California Dreamin’: Cass Elliot Before The Mamas & the Papas

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Author: Bagieu Pénélope

Brand: First Second

Edition: Illustrated

Features:

  • First Second

Format: Illustrated

Package Dimensions: 26x222x510

Number Of Pages: 272

Release Date: 07-03-2017

Details: Product Description

California Dreamin’ from Pénélope Bagieu depicts Mama Cass as you’ve never known her, in this poignant graphic novel about the remarkable vocalist who rocketed The Mamas & the Papas to stardom. Before she was the legendary Mama Cass of the folk group The Mamas and the Papas, Ellen Cohen was a teen girl from Baltimore with an incredible voice, incredible confidence, and incredible dreams. She dreamed of being not just a singer but a star. Not just a star―a superstar. So, at the age of nineteen, at the dawn of the sixties, Ellen left her hometown and became Cass Elliot.At her size, Cass was never going to be the kind of girl that record producers wanted on album covers. But she found an unlikely group of co-conspirators, and in their short time together this bizarre and dysfunctional band recorded some of the most memorable songs of their era. Through the whirlwind of drugs, war, love, and music, Cass struggled to keep sight of her dreams, of who she loved, and―most importantly―who she was.

From School Library Journal

Gr 9 Up—Long before she was a singing icon, Ellen Cohen was a middle child in an average Baltimore family. Shortly after finishing high school, she went full-force into her quest to become a musical star, adopting the moniker Cass Elliot. Set primarily against the backdrop of the 1960s, this book begins as an exciting discovery of an emerging talent but concludes as a somber examination of themes such as lust, body image, family, and broken hearts. Bagieu injects the melancholy, chaotic account of Elliot’s young adulthood with vibrancy. The lack of coloration, the light pencil work, and the long, swooping strokes imbue the narrative with a frenetic sense of motion, evoking the feeling of beat poetry. Although this is a biography—complete with a bibliography—the author crafts story arcs out of the singer’s past to closely emulate the pacing of fiction, making this selection approachable for those unfamiliar with Elliot’s group, the Mamas and the Papas. Bagieu tells the tale through the perspectives of those around Elliot, leaving readers to form their own opinions about her. Because of the depiction of drug use and the inclusion of some nudity, this title is more appropriate for mature readers. VERDICT Recommended for older teen collections, this superb addition is sure to be a future graphic novel classic.—Matisse Mozer, Los Angeles Public Library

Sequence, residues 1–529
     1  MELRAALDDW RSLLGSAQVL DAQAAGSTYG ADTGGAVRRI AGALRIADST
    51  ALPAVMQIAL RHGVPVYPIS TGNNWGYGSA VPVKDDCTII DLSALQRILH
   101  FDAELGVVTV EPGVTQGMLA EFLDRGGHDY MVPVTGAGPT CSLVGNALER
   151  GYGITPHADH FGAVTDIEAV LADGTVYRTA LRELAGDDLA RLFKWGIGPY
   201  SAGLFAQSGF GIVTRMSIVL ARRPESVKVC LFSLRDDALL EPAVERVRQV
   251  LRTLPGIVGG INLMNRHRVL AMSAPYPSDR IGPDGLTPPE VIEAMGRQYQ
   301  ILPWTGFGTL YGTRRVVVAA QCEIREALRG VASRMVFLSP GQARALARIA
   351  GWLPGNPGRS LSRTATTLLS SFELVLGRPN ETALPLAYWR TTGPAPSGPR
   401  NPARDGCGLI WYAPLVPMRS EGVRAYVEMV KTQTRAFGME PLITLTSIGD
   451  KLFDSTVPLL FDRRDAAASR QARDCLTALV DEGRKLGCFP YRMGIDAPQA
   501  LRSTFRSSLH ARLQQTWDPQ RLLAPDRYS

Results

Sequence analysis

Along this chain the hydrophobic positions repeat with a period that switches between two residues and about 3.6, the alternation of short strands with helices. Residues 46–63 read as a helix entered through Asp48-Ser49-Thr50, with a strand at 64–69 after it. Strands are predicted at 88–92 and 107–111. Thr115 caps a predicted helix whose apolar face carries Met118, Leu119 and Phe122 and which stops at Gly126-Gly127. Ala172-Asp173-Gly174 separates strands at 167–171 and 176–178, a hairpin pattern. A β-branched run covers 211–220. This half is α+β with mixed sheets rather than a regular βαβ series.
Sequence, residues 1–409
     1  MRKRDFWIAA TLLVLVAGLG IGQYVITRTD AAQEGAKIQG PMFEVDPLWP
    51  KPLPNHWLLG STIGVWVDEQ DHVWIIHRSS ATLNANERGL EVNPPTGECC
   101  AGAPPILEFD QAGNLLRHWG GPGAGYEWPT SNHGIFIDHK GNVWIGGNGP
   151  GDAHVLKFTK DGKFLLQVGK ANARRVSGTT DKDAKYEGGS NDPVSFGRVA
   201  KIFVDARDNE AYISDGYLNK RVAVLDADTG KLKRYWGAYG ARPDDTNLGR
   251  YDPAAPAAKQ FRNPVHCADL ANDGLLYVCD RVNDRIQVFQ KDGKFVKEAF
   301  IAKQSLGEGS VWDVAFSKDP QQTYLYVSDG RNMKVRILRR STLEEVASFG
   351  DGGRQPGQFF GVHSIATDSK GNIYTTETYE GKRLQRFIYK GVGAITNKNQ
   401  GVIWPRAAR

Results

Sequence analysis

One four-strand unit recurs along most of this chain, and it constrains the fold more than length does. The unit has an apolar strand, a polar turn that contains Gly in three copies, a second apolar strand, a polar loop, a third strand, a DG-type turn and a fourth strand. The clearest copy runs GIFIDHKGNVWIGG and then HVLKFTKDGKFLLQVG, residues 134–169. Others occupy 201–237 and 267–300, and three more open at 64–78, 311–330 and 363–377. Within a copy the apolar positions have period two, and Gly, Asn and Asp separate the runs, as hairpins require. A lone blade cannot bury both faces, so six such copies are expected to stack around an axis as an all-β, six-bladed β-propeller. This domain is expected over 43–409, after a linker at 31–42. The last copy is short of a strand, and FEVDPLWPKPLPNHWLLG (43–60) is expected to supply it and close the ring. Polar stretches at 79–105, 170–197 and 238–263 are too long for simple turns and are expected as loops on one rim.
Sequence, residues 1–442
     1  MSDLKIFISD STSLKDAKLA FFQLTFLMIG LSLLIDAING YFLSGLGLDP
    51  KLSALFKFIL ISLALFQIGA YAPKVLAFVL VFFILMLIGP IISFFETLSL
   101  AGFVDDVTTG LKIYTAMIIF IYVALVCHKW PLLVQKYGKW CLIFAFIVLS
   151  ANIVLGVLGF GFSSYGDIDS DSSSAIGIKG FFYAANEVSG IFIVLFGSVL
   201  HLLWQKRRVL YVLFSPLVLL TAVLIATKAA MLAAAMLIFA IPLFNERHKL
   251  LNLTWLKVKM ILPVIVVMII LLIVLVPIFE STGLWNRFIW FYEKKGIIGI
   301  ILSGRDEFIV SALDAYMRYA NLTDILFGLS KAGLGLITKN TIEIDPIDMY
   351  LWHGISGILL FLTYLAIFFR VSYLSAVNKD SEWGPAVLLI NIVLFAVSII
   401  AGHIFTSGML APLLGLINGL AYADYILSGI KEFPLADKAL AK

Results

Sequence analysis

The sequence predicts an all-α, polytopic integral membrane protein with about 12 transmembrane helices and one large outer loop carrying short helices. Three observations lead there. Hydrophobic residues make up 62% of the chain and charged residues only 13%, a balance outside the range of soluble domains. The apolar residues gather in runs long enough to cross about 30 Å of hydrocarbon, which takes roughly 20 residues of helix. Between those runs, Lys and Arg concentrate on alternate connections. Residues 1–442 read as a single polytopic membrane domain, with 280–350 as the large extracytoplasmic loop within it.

Review

“[Bagieu’s] drawings are suffused with delight . . . Exuberance and sadness coexist in her drawing style, as they coexist in the character of Cass Elliot―whose every moment of joy and perseverance seem to overlay deep loneliness and vulnerability.” ―The New York Times“If a graphic novel can be thought of like a three-minute pop song, then French author Penelope Bagieu wisely holds a beautiful epiphany well past the two-minute mark. The timing is sublime.” ―The Washington Post”Bagieu’s drawings are superlative: soft pencil lines that convey detail without constraining her figures and that animate the characters’ exuberant facial expressions.” ―The Paris Review”Bagieu’s drawings bring Cass brilliantly to life, making her look full of energy and life ― and incredibly fashionable as well.” ―Bust”…this graphic novel brings her [Cass Elliot] story to life in vibrant color. ” ―Bustle”Recommended for older teen collections, this superb addition is sure to be a future graphic novel classic.” ―School Library Journal, starred review”Her pencil-sketched characters are distinctive and emotive (and occasionally high and big-eyed), while their lively world is storybookcute and highly referential to the music Cass made so familiar.” ―BooklistPraise for Exquisite Corpse:”Pénélope Bagieu has mastered a magic trick, and it is this: Somehow, even as she suspends our disbelief, she can turn paper into flesh. And ink becomes lifeblood…her characters not only breathe and pulsate with vivid life. They also seem entirely, organically authentic in their own